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La galerie Les Arts du Soleil

An existential painting

Senegalese art is painting! As a wave that recedes, such a sentence is diluted by artists who reveal the pitfalls of our flatness to consider this form of expression immovably. Sandiry NIANG is one of these artists of the young Senegalese creation. Joined the National School of Arts in 2004, he began a training that will break without impacting on his practice. It is therefore permissible to say that it is under the sign of unconvincing autodidaxis that his participation in several exhibitions will take place.

The artist has lived in the suburbs since the early 1990s. His work focuses on the mobility of people, social promiscuity and human concentration in cramped habitats where uncontrolled demography degrades the living environment. In his paintings, a few figures dematerialized by color are busy from skylights, concomitant rooms and lives in floor. In consultation with the spirits, in the company of animals or waiting for some miracle, they are also anonymous portraits or sensual couples. In any case, these figures suggest a paradox that requires a double reading: the extension of social ties can find a breeding ground in the oppressive proximity between members of the same family.

Translucent characters with enigmatic faces enthroned in all the paintings.

Often three in number, they function as visual markers. The individuals they overlook are rarely isolated. Hand in hand, infinite procession, facing the uncertain, they face cluttered cities, empty spaces and chaotic. The Homage to the Displaced (2017) series is part of this vein. It inspires reflection on the aspiration to an elsewhere located always on the other side of the walls of the house, the district, the country or the sea. The desire to leave is assumed by a youth under the weight of despair. They walk. And suddenly, the obsession and the shadows, all things that agree with a need for mobility, resulting from existential discomfort and the resulting disillusionment. And if I knew ... (2017) then acts as a refrain for all those disappointed with immigration.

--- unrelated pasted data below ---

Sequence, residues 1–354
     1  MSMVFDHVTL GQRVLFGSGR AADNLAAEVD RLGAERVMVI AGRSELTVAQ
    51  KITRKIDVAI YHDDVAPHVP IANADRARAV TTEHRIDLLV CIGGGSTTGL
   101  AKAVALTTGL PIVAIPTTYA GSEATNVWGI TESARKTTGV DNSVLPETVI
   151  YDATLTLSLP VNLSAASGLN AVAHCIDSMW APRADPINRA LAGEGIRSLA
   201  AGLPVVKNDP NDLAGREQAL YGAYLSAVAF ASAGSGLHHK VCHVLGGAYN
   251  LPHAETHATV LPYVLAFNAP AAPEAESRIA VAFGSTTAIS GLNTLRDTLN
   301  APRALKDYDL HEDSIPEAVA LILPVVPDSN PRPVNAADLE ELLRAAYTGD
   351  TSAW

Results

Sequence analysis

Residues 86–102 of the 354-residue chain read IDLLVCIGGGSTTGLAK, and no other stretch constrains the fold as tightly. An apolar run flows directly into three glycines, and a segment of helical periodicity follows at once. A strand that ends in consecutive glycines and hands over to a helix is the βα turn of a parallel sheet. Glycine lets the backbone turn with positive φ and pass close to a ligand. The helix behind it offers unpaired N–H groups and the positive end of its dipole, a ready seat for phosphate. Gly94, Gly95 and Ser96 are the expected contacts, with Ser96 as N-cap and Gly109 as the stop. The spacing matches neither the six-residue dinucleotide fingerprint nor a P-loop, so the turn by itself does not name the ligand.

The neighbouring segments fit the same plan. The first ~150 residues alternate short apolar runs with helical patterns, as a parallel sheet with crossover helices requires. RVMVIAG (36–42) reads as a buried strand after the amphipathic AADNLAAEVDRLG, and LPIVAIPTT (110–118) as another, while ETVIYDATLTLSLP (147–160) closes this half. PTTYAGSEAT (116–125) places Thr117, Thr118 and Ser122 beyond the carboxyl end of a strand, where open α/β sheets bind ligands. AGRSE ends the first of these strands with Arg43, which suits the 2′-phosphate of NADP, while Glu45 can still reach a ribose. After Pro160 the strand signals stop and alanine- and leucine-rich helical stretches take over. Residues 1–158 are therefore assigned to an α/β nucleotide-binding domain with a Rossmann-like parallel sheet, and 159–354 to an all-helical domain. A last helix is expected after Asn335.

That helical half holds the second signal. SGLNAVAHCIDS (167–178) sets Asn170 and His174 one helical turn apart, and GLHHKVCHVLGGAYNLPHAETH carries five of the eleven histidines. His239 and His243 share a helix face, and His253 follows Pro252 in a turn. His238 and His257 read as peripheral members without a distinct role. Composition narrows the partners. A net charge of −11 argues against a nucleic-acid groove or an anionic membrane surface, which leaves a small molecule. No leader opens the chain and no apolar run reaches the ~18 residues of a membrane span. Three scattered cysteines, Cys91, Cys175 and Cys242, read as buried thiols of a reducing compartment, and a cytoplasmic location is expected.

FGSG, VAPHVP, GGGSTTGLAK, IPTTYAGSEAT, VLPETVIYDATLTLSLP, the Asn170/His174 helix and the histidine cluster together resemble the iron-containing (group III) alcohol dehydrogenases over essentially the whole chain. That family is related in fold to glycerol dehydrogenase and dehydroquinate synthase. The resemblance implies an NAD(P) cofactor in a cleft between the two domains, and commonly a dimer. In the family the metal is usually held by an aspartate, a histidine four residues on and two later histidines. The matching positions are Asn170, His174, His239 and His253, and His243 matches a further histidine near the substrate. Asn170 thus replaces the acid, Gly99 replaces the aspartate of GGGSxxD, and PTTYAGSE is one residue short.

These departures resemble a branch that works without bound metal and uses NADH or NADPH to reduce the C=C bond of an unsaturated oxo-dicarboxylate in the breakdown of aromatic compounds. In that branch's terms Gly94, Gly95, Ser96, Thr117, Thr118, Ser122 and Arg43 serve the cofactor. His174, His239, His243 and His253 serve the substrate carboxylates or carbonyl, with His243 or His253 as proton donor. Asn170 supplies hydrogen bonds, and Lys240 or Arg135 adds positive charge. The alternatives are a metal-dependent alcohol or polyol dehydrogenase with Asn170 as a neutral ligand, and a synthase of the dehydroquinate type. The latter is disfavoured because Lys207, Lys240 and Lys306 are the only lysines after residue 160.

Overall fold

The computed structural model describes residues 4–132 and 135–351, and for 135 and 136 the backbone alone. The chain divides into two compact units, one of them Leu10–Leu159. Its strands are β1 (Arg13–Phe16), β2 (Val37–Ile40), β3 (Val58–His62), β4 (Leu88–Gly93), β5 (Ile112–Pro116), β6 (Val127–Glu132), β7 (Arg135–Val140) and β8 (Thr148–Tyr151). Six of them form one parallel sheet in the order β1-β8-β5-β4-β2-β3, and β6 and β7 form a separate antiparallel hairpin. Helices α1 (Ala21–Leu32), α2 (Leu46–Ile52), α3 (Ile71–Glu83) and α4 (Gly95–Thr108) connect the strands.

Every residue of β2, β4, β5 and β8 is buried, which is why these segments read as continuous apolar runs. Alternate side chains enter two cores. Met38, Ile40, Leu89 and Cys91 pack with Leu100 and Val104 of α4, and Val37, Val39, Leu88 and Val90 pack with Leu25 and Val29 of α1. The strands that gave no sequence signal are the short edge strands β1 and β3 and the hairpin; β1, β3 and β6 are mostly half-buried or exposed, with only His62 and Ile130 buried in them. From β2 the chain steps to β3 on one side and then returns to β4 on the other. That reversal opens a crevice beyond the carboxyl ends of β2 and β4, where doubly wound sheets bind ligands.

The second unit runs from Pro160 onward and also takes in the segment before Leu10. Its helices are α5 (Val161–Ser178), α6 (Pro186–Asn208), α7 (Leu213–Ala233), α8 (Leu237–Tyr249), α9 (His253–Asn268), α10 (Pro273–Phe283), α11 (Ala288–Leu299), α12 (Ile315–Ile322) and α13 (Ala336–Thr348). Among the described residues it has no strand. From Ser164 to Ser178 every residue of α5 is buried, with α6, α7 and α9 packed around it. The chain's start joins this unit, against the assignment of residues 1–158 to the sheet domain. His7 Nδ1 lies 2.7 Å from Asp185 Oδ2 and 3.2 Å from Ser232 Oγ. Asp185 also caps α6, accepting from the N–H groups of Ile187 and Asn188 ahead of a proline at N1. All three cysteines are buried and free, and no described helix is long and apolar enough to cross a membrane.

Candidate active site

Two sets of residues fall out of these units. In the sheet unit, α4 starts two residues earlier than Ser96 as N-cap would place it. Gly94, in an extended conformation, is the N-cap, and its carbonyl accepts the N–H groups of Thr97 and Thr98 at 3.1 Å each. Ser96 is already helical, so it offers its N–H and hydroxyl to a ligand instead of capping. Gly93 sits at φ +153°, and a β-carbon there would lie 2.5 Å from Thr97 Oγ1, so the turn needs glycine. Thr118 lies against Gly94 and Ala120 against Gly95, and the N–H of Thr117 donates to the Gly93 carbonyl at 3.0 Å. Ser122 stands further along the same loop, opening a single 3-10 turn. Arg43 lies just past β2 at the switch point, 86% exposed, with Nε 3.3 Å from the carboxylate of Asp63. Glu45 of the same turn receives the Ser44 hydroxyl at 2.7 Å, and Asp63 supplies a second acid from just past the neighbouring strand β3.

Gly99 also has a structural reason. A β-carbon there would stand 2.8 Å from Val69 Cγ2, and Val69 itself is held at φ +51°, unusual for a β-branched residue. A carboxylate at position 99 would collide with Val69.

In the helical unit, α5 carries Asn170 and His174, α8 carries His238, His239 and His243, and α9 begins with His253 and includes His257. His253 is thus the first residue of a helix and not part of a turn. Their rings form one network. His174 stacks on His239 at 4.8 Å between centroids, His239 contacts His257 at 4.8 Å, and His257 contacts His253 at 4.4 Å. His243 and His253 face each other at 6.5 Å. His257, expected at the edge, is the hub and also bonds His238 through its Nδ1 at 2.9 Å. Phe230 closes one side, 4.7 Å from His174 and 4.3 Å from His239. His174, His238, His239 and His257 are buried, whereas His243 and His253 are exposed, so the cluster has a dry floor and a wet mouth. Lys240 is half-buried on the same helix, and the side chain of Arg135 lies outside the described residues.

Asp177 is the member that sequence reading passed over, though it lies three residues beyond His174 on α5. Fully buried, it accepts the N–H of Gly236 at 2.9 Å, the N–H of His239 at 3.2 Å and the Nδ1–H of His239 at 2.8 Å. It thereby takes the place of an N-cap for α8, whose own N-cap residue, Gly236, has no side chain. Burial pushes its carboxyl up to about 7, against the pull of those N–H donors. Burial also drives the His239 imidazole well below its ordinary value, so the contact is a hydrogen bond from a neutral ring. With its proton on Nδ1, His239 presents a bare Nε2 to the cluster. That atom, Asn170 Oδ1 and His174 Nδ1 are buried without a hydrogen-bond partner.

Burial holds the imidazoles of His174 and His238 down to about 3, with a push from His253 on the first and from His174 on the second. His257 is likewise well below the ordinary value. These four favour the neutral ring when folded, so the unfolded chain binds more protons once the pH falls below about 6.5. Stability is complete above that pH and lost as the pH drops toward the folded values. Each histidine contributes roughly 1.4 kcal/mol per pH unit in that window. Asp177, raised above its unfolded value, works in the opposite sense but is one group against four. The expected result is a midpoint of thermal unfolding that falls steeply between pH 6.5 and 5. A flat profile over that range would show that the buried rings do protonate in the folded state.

In the face of information events (politics, economics, war, entertainment, science), the daily triviality of the dramas of immigration relegates the latter to the rank of various facts whose structure belongs, according to Roland Barthes, to the register of the unspeakable and unclassifiable. But Sandiry Niang treats this question, in a way much more political, while designing his work less as an instrument of defense of the masses than mere expression of an individual freedom. And for good reason, even if he willingly makes material foundation a determining factor of human existence, his work can not be Proudhonism.

Sandiry Niang models depression and despair, but he reaffirms hope and optimism in the treatment of matter. Straddling several color palettes-with a dominance for the earth-color, it juxtaposes temporalities, sometimes reminiscent of the wet walls of caves that reveal layers of life. Like a sculptor, he uses black to recreate light and creates volumes from collages, degraded tar, and sometimes writing. Singularity is expensive. And the artist assumes his compositions, putting red or yellow on black. This aggression of the eye creates surprise and discomfort for some. It is a daring that the painter manages to make accept for the greater happiness of the observers that we are.

In short, let's go back to the incipit of this article. Senegalese art is painting! But what painting? For if the latter has given its letters of nobility to the Senegalese visual arts, it is, historically, in a permanent metamorphosis. The process of reconstructing a new pictorial imagery is a long journey paced by Senegalese artists since at least the 1960s. Some research has always interacted with the history of ideas and socio-political events. However, the rejection of the early formalism in favor of a series of experiments resulted in a valorization of the production process to the detriment of the product and the affirmation of the social problems in front of aesthetic issues. Without going into the conceptual whole, Sandiry's painting espouses the spirit of this collective research.

 El Hadji Malick Ndiaye